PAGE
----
It will cost you money to contact your local council and their planning and building control officers to give your chimney removal the goahead, but it’s a necessary expense. Not only will it make you and your family safer, but it will also stop later problems for occuring upon inspection by surveyors when it comes to sell your property.

Additionally, if you live in a semi-detached property where yourself and your neighbour have a chimney in common, or they back onto each other, it will be necessary to take a party wall agreement into account.

Should the contractor who removes my chimney be a member of anything (trade body, government registration scheme, etc?) What sort of questions should I be asking them?

A project of this size requires a number of specialised skills and you’ll want to feel reassured that any and all complications will be rectified, especially if you’re handing the whole job over to a project manager.

Though general builders are not required to have any qualifications, you may wish to check if your contractors are registered with the Federation of Master Builders (FMB).

However, beware of contractors who are looking to secure a quick job without any preliminary preparative measures in place. Your builders should be able to answer any questions you may have and provide you with evidence surrounding their management of the project.

If you’re unsure of what to ask, see below for several examples that will help you see the bigger picture a little more easily:

  • What do you do to get rid of the soot, dirt, and bricks from the property?
  • What do you do to make sure my house is kept clean?
  • Will you contact the necessary officials for me before, during, and after the job?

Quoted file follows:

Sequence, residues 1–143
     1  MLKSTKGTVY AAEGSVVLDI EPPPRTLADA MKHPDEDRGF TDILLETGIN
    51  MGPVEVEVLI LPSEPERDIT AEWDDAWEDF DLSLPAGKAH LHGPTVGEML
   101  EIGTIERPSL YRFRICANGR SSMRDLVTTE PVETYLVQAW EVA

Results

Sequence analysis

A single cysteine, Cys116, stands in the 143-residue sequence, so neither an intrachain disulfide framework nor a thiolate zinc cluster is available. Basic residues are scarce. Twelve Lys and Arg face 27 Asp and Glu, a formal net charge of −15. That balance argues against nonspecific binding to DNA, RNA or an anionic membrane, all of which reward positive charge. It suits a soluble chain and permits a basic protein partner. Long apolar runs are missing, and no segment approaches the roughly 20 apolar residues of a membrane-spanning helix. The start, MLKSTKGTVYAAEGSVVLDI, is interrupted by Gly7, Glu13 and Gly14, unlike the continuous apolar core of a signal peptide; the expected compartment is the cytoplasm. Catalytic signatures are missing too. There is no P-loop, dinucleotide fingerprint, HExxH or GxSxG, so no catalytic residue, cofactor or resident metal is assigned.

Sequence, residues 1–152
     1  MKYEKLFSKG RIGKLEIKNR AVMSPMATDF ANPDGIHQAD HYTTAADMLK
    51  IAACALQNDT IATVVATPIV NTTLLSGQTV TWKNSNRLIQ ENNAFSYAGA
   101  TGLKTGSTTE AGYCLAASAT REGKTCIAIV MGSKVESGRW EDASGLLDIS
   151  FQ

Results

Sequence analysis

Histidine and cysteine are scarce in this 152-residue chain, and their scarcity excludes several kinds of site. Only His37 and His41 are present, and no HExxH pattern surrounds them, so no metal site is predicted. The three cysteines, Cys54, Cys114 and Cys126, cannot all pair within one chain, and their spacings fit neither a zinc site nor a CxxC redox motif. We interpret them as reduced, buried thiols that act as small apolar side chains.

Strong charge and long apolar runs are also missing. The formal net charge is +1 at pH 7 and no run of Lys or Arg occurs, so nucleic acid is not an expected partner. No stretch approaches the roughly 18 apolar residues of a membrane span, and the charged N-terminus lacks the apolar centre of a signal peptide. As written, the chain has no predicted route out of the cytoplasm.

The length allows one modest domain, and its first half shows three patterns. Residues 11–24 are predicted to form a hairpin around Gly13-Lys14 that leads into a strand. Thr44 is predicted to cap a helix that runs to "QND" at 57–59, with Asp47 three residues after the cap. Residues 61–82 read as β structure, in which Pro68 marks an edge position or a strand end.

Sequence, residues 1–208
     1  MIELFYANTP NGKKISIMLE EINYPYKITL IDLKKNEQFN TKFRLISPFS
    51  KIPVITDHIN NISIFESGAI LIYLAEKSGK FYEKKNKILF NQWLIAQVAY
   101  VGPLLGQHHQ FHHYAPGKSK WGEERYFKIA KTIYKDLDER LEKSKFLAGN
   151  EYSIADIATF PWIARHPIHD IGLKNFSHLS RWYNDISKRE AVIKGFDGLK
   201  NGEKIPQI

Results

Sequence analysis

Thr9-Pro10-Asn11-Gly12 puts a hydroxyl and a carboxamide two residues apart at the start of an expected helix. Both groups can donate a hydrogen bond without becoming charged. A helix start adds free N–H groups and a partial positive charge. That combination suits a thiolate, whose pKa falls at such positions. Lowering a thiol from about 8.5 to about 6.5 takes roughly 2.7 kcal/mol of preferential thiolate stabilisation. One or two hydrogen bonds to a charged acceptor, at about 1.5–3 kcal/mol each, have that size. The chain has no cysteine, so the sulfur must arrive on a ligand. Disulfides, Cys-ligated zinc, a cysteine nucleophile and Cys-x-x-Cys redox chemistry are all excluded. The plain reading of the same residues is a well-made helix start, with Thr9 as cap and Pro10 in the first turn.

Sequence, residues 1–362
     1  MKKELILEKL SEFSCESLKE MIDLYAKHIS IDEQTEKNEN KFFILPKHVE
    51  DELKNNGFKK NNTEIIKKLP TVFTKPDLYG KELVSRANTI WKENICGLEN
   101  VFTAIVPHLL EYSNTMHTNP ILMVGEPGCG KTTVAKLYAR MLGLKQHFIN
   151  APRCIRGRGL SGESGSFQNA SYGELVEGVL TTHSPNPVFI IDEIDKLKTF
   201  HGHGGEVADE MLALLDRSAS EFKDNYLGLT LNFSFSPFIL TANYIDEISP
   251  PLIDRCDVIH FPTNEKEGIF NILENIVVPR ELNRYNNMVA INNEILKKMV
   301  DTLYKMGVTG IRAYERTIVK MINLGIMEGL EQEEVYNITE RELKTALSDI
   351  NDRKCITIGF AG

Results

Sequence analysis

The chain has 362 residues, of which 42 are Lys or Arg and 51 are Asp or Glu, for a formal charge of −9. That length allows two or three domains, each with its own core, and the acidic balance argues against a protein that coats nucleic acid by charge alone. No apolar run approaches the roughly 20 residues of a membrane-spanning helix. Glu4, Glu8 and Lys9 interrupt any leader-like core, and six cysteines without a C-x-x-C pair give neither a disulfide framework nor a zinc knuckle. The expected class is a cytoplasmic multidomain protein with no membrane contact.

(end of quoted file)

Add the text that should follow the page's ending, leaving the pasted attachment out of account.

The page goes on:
• Will much of my house need re-plastering?
  • How are you planning to finish the hearth?

If a builder tries to talk you out of getting in touch with the council, walk away. This could cause major issues going forward for you and may be an indicator that they have not taken out public liability insurance for work like this.

How long does it take to remove a chimney?

Depending on the job at hand, and how many workers are doing it, the time it will take to remove your chimney will differ. Here are some common timescales, though you should allow for variances.

Work Description Timescale
First floor chimney breast removal in an standard semi This job includes:

Fitting to your loft gallows brackets

Adding a concrete hearth to level the floor

Installing new skirting boards

Re-plastering the room in question

This is a two-person role that could last three days, not including redecorating or finishing the room.
Ground floor chimney breast removal in an average semi-detached house This job includes all the above, plus:

Retaining the first-floor (usually bedroom) chimney breast

This is similar in terms of timescale to the previous example, but the retention of the upper chimney breast means that further structure support must be installed.
Total removal of your chimney breast removal with only the stack left This job includes:

Fitting gallows brackets in the loft

Adding a concrete hearth to level the floor

Installing new skirting boards

Significant re-plastering throughout the entire property

This job is likely to take around 5 days, and you’ll need to add time on for extensive redecorating and plastering, too.
Chimney stack removal This job includes:

Removing the external stacks themselves

Capping and sealing the remaining cavity

Two roofers should be able to remove the stack in half a day if the chimney itself is of regular size. For a larger chimney, this job may take up to a day and a half.

Why should I get chimney removal quotes from Tradesmen Prices?

Though you may be tempted to undertake chimney removal yourself in an effort to save cash, the price of chimney removal is a worthy investment if you consider the workload that this job brings with it.

Hiring a professional scaffolder will ensure the safety of yourself and also your contractors, and having the job completed by experienced builders takes any complications that may occur out of your hands.

However, finding someone to complete the work for you can be difficult, especially if you’re being quoted a range of prices. Using the Tradesmen Prices form below you can access 3-4 competitive quotes from local builders who will be able to give you a decent estimate for the cost of removing your chimney.

We only put you in touch with genuine tradespeople whose credentials and history we’ve thoroughly checked, so you don’t need to worry about ‘cowboy builders’ trying to cash in on your crumbling chimney.